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Cub Scout GardenCub Scouts Pack 44 of Walpole, MA, a pilot for the Green Thumb Challenge, planted their garden this past spring. Pack Leader Richard DeNoyer jumped at the idea of the boys planting a garden because “it was an effective way to foster team work and responsibility with the added benefit of getting the boys to interact with nature on an ongoing basis.”
These scouts were lucky as Walpole had just started a community garden program at Adams Farm in Walpole, MA. This proved the perfect location; however, it was not without its challenges.
Since this was the first year of the community plot it needed significant rock and grass removal. Fortunately, with 49 boys put to the task, they made short work of it and in no time the plot was cleared and ready for planting.
GEF worked out a garden plan with den leaders and soon seeds became cucumbers, tomatoes, lettuce, sunflowers, corn, pumpkins and much more. Maintenance was easy, with 9 dens of 9 boys each it meant that each scout watered and weeded only a few days over the entire summer.
At the end of August the scouts celebrated their summer harvest with a feast of spaghetti with homemade tomato sauce, shish ka bobs, garden fresh salad, string beans and carrots all handpicked by the boys. Dessert included Zucchini bread and blueberry pies from bushes donated by the local Stop & Shop. “A significant goal of the Green Education Foundation is to promote creative and effective ways for schools and teachers to incorporate the outdoors into their curricula. The Green Thumb Challenge where students plant and maintain gardens is a perfect solution,” noted Victoria Waters, President GEF.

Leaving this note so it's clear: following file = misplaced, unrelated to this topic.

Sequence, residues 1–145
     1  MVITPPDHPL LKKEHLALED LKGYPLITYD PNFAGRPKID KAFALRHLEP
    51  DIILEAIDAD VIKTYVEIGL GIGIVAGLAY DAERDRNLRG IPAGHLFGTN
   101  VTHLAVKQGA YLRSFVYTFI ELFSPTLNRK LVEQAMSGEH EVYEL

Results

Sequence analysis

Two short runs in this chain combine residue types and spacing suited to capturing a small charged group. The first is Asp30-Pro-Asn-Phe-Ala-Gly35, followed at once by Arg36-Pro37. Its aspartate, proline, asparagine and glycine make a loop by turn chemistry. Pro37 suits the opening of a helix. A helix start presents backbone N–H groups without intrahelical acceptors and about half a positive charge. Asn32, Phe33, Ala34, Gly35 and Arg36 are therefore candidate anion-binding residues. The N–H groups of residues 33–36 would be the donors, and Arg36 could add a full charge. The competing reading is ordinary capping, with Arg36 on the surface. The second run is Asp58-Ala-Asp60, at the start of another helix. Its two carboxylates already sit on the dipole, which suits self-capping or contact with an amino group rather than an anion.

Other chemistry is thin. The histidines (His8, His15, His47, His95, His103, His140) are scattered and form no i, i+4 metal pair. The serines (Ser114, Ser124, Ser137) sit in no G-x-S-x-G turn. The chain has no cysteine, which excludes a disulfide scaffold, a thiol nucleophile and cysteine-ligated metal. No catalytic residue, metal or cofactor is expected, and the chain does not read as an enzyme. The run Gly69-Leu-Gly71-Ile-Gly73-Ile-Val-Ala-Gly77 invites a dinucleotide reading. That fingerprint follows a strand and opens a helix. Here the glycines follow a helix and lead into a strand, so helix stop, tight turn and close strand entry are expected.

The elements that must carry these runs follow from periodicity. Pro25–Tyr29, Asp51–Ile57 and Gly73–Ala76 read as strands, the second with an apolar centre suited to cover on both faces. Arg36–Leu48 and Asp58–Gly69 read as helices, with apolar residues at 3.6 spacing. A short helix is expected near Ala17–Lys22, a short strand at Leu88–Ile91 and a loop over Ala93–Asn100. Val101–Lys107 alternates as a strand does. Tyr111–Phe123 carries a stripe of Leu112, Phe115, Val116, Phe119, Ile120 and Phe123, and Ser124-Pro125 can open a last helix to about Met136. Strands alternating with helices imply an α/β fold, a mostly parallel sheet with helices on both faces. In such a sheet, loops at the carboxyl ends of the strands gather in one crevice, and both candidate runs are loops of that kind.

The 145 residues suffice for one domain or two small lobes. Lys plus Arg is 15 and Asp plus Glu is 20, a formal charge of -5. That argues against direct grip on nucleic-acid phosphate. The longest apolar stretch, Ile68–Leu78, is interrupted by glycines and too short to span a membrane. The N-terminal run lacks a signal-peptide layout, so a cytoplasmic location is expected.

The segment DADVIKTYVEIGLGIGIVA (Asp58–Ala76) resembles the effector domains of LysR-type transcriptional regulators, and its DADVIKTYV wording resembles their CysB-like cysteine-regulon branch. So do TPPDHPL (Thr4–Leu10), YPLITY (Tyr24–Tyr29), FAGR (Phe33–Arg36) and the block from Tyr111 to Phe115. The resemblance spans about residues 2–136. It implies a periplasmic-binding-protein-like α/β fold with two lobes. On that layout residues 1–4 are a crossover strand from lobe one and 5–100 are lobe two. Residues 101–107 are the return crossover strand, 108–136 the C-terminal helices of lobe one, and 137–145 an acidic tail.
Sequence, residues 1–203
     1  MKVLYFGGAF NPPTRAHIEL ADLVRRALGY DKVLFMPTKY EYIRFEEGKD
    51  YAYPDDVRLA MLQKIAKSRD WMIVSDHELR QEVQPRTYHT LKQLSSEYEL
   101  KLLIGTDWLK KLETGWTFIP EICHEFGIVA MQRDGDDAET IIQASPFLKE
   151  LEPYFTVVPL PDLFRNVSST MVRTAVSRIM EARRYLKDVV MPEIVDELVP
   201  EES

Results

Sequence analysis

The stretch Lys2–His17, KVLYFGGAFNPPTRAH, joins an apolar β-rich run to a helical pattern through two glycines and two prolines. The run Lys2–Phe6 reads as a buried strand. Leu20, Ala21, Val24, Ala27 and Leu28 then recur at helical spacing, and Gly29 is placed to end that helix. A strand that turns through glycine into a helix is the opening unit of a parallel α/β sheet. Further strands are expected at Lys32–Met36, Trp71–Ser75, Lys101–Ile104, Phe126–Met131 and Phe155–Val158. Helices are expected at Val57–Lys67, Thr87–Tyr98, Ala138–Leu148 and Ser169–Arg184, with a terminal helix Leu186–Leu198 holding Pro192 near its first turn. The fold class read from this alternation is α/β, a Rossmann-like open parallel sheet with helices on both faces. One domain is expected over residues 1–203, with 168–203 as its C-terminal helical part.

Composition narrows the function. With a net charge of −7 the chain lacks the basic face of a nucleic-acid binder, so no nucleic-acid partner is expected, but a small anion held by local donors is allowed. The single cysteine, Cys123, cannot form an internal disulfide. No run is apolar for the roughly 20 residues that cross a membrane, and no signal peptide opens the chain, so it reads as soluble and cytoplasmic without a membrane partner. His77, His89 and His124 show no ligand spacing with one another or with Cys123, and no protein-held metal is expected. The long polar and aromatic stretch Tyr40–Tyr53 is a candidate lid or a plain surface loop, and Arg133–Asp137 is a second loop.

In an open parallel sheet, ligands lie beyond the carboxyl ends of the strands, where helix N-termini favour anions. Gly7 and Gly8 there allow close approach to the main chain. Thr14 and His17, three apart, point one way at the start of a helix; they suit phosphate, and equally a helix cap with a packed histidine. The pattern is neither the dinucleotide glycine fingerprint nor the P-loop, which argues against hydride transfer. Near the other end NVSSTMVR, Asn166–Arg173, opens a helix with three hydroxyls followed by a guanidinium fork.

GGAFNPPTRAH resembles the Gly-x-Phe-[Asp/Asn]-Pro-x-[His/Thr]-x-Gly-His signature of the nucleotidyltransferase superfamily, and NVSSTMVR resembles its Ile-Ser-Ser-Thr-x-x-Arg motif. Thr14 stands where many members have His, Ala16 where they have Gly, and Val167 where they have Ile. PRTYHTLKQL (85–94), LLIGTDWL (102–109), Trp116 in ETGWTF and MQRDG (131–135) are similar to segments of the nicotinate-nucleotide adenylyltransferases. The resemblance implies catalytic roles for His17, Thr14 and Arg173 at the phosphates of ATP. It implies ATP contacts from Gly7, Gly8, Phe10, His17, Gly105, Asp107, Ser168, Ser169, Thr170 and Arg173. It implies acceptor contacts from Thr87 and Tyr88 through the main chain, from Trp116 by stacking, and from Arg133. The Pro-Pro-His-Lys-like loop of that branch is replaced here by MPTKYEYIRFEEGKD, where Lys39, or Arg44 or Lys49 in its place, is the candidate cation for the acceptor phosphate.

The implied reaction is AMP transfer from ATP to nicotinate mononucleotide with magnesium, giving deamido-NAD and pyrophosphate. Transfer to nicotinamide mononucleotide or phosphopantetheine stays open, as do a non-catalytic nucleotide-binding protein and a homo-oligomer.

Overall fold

Current research indicates that children learn better and have fewer emotional problems when they have regular exposure to nature. Richard Louv, recipient of the 2008 Audubon Medal, states that “children are suffering from ‘nature deficit disorder,’ an alienation from nature that diminishes the use of senses and leads to attention difficulties and higher rates of physical and emotional illnesses.” Gardening addresses these important concerns in a fun and interactive way.
GEF has taken this program national during the Green Thumb Challenge, the largest youth gardening initiative in history calling on classrooms and schools to plant 10,000 indoor or outdoor gardens during the spring of 2010! GEF’s website provides gardening instructions, checklists for school approvals, plot location guidelines; container garden suggestions, funding resources (including grant templates) garden plans, vegetable and flower suggestions and much more. Green Thumb Challenge lessons link gardening to science, math, language arts, creative arts and technology. Summer student internships and community service programs will be available along with an online professional development course for teachers.
The Cub Scouts in Walpole, MA will be working hard this season to grow their own vegetables in a 20x40 community garden plot.
Click the image below to view a full-size garden design layout.